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Thursday, Sep 28, 2023

Rethinking Hospital, Doctors Affiliations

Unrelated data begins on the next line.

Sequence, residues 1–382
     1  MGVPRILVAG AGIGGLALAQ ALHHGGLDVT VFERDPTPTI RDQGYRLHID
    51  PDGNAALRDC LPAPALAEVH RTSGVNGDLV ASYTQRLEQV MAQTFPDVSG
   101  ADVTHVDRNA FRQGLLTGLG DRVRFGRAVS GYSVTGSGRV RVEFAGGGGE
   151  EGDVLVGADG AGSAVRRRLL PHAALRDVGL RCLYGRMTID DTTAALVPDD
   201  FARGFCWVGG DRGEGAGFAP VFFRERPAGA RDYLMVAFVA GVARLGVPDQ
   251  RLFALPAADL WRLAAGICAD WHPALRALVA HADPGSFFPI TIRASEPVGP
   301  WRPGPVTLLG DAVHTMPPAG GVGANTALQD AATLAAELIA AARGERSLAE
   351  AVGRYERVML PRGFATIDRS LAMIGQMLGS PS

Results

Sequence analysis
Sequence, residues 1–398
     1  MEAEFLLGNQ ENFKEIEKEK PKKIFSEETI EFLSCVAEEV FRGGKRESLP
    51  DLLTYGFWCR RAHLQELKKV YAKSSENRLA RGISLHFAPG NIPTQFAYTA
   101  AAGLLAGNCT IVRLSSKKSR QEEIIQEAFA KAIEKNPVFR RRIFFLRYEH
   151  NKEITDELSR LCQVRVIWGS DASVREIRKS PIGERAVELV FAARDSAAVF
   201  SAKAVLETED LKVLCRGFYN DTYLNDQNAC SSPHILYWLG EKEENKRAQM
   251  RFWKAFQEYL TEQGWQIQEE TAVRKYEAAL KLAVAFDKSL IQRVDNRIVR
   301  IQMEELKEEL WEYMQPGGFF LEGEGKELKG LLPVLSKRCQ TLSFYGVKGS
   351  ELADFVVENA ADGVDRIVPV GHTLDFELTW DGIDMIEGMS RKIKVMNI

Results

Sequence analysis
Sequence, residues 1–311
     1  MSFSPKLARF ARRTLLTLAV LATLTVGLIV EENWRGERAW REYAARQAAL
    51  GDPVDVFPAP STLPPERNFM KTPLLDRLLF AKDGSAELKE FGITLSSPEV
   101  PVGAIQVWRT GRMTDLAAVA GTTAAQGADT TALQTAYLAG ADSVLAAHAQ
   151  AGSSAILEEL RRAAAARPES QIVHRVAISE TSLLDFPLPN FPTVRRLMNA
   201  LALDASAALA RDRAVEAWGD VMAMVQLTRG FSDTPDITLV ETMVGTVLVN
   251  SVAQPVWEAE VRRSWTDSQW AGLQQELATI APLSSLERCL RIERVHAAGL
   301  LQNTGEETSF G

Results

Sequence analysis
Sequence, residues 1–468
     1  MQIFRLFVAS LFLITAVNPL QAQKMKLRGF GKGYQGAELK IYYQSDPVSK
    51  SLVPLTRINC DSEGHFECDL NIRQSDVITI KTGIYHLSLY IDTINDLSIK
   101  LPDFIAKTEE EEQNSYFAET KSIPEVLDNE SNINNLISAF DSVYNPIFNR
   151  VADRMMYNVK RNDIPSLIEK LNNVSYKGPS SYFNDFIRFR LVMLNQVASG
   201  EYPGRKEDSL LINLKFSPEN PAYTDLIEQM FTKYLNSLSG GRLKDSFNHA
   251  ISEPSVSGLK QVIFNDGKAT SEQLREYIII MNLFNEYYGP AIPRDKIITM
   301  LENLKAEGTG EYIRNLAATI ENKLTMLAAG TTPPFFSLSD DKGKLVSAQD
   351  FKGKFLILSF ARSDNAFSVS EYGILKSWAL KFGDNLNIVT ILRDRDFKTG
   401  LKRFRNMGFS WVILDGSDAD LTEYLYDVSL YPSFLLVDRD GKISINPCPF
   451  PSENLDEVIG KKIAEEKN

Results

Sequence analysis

There is a growing trend in Southern California of consolidation of hospital groups such as Providence Health & Services and UCLA Health System acquiring doctor’s practices, medical groups, labs and imaging centers. In the March 4 edition of the San Fernando Valley Business Journal there was an article, “Hospital, Doctor Affiliations Getting Second Opinion,” addressing this trend. I was quoted in the article, but I felt it left a number of unanswered questions. l Does this new service model address any of the cost drivers of health care? l How will these new delivery models handle dependent children, under the age of 26, who live or go to college out of the area? l How will they handle employers with multiple sites in and out of California? l How will they handle insured members that travel out of California or out of the country? l Will the financial pressure of cutting costs lead to less care? Dr. Matteo Dinolfo, director of the UCLA Department of Medicine community offices, is quoted as saying, “Most of the care in Southern California will be delivered by four or five entities.” Is that a good thing for consumers? If we look at the history of consolidation in the airline and the banking industries, among others, did the economies of scale lower prices as promised? My experience is that although larger companies may lower overall operating costs, the end result was never positive for the users of those services. This consolidation by large hospital groups does little to address the real cost drivers of health care inflation. These cost drivers include technology, increased use and cost of pharmaceuticals, rising clinic and hospital costs, unhealthy lifestyles, aging population, increased patient demand, medical malpractice and insurance costs, government mandates and taxes, and fraud and abuse I am a bit skeptical that a consolidation into four or five entities will address any of these drivers. Most California residents that have health insurance obtain coverage through their employer. Employers have to deal with many issues including covering employees’ families and employee morale. The growing trend of limited medical networks surrounding a specific geographic area will cause issues with employees and their families. As an example, I have a client that is headquartered in the San Fernando Valley and has 158 employees in six locations, including one in Las Vegas. How do they cover the employees in Las Vegas if they are in a health plan that uses the UCLA Health System or Kaiser? Some employees, including one of the owners, have children in Colorado and Michigan attending college. How does this model handle children under 26 that are not in the service area? I think the more pressing question is where do employees obtain their health care. In my experience working with almost 300 employer groups throughout Southern California with the majority in the San Fernando Valley, employees see doctors where they live, not where they work. I have a law firm client in Encino that has employees who live in the Santa Clarita Valley, Pasadena, Oxnard, Torrance and in the San Francisco Bay Area. If this employer chose a health plan with either UCLA or Providence, where would the employees go who do not live in the Los Angeles area? Will they have to find doctors near where they work rather than where they live? What about their school age children that need to see the pediatrician? Will they have to pick them up from school and then drive to the Valley to see their doctor? What about the employees in San Francisco? Let me close by addressing economy of scale and the reasoning that claims consolidation will lower costs. Currently UCLA Medical Center; University of California, Irvine; University of California, San Francisco; and University of California, Davis, and their Sacramento hospital have negotiated individual contracts with major health insurance carriers such as Anthem Blue Cross and Blue Shield. It has been reported that in mid-2013 they are planning to renegotiate their contracts as a single entity. Four large hospital groups will band together to leverage their position with the health insurance carriers to obtain better reimbursements. In almost every case, those with leverage get better pricing. Does that sound like lower health care costs to you? It sure doesn’t to me! Barry Cohn is chief executive of RGEB, Really Great Employee Benefits, a group insurance agency and employee benefits firm in Woodland Hills.

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